New law restricts access to criminal records


Applicants for jobs no longer have to agonize over whether to be truthful about arrests and minor convictions during an interview under Indiana’s new law. The prior “expungement statute” in Indiana was limited, and it primarily only provided relief to persons who were arrested but not charged with a crime. The new Indiana law, however, allows a person to petition a court to restrict access to criminal records. The new law does not prevent the police from being able to access the records; however, if a court grants the petition and the records are restricted, you may legally state on an application for employment that you have not been arrested for or convicted of a crime.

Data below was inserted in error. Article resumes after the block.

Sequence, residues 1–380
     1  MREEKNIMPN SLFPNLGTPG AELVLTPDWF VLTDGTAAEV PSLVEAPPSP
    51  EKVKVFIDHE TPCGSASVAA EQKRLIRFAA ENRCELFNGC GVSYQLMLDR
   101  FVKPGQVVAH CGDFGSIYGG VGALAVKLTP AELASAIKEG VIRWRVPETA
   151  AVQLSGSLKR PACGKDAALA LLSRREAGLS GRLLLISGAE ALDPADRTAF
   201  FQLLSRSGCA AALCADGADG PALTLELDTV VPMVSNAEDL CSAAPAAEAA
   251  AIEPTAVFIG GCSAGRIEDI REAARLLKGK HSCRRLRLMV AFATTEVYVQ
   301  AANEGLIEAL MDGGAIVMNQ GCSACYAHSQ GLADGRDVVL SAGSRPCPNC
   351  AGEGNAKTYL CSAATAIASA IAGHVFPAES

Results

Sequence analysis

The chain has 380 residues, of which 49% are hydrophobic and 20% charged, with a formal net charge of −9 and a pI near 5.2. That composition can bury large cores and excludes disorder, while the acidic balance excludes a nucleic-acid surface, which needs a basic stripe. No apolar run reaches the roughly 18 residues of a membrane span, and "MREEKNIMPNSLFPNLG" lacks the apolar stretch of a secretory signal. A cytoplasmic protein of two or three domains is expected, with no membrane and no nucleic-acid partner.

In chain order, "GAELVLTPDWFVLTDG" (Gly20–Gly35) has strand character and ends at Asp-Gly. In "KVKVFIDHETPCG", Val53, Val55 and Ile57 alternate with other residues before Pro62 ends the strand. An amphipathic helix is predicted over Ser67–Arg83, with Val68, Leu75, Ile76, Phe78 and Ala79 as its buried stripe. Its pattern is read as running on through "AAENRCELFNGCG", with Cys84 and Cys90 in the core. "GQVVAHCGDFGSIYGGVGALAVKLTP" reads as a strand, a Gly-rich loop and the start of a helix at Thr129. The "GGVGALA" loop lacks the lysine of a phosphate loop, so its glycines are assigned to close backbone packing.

The new law applies to people who were charged with crimes but were not convicted, and to those with convictions of relatively minor offenses that do not result in injury (such as DUI and public intoxication). A convicted person becomes eligible eight years after they have completed all obligations of their sentence, and someone not convicted of a criminal charge becomes eligible in 30 days or one year, depending on whether there was a dismissal or they were found not guilty.

This new law gives something more than lip service to the idea of second chances and will allow those who have made and – paid for – mistakes to be competitive in the job market.

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